Review Summary: A prime example of the fact that just because you release something unique, you have not released something good.
A lot of hype has been surrounding this enigmatic project, as the public caught their first glimpse of what turned out to be the band Shone through cryptic tweets sent out by bands such as Brand New, Manchester Orchestra and Thrice to name a few. As can be assumed after reading that list of prominent and influential bands the anticipation for this mysterious album began building. There was speculation that it was Jesse Lacey himself, as in a rare interview he discussed helping band mates Brian Lane and Vin Accardi record a record last April. It turns out that the only confirmed member of this project was indeed Brian Lane, but it takes but one listen to begin to believe the guitar being played is written by none other than Accardi. So with all of this hype surrounding a new band it was almost impossible for Shone to live up to it all. With their first release heatthing, we see Shone fail to live up to their hype and also fail to even write a cohesive album.
More often than not a band that manages to break the confines of a certain genre and create music previously unheard of is praised relentlessly by critics through their career. But with heatthing we are exposed to the proverbial “exception that proves the rule”, as Shone is able to create a genre-less album, but is unable to create an album worth listening to. The album starts off interesting enough with standout track Piano Wire Number 12
, a track that, while containing nonsensical lyrics and obnoxious vocals that plague the remaining 8 songs, will without a doubt pique the interest of the listener. There is even a chorus that has a semi-normal vocal delivery, which is a welcome reprieve from what the rest of the song (and album at that) is plagued with nonstop. As the album progress the listener’s patience and acceptance for the ‘quirky’ vocals will inevitably wear thin. By the time Defender 237
rolls around it is without a doubt time for a break from the grating vocals. Serving as a much needed oasis, this instrumental track is a glimmering light of hope…Until the track ends and the listener is forced to listen to one of the worst songs they will voluntarily listen to this year. Baby Shakes (NU)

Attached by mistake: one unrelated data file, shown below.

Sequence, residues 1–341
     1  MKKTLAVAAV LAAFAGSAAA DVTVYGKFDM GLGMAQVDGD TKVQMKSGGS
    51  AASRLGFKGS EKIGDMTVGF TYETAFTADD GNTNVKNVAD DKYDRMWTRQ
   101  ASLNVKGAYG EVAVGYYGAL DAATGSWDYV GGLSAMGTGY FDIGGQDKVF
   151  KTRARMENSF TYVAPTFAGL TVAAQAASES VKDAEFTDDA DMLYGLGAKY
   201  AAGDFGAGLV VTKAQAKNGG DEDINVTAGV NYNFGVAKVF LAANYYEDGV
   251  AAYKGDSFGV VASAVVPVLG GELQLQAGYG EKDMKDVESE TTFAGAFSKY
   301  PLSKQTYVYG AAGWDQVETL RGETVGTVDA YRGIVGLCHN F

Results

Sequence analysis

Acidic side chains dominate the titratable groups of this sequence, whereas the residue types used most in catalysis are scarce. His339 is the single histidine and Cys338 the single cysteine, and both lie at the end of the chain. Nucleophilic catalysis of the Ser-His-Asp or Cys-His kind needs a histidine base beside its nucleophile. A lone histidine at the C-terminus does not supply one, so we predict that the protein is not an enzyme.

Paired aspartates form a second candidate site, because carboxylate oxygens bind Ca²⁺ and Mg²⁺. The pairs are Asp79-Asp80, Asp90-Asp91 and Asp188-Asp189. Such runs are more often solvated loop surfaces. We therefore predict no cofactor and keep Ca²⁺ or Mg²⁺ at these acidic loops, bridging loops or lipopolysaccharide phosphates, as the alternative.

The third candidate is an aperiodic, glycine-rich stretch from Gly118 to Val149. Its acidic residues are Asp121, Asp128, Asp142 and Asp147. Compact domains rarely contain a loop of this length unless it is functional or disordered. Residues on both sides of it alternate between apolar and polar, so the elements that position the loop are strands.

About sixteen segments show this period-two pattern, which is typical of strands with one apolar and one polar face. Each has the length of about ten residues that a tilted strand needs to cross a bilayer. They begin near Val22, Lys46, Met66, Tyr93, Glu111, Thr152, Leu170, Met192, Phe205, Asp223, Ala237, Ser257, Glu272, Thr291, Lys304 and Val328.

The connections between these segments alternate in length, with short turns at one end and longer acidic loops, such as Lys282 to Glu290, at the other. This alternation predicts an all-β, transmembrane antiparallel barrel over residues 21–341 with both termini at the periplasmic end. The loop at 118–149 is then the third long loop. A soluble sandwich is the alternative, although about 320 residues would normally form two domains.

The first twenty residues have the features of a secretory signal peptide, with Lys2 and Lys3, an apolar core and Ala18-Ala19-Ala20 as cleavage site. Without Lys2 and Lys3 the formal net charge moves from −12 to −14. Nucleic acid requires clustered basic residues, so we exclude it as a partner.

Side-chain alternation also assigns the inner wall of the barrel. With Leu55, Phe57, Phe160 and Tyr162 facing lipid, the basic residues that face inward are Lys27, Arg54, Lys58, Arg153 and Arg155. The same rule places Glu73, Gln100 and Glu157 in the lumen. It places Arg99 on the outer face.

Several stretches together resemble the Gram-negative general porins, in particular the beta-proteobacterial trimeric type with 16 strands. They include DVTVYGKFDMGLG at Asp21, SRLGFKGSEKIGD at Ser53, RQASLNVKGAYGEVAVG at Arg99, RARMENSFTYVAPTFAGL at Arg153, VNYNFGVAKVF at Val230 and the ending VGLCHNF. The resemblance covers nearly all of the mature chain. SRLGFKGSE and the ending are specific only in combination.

contains, shall we say, the most ‘ambitious’ vocal performance of the entire record. (Rivaled only by the ridiculous intro of the album closer Bestial
While the vocals are more than enough to send the most elitist hipster run for the hills, the lyrics being spewed are often times cringe-worthy. Take for example what is meant to be one of the most poignant lines on this record, as halfway through the previously mentioned closing track the vocals are silhouetted and we hear: What a poor situation humanity is in. You marry a man, you marry a woman you don’t even love and have a couple of kids you don’t even care about. Nobody deserves that desertion
. With horrendous vocals coupled with lyrics that should have never left the warped brain of the man behind Shone, heatthing fails to contain substance.
But amid the murky waters of terrible lyricism and delivery there is something to take interest in. The sounds and noises created by the varied instrumentation do their job of at least maintaining a listener’s sense of interest, if only a tiny bit. With effects pedals and many non-conventional instruments Shone succeeds in at least that area of creating music. But it rings true that even with unique instrumentation there will be a genuine lack of interest if the vocals do not bring anything to the table.
Shone’s first release quite frankly does not live up to the buildup that surrounded it. This release is proof that even if you release what will undoubtedly be the most distinctive release of 2013 you have not released anything worth listening to. With French rapping and opera like crooning, heatthing is an album that is all over the place and it never manages to come across as a smooth, comprehensive album. One can only hope that Shone will eventually live up to their enormous expectations, but for the time being they are nowhere near the pedestal they created for themselves.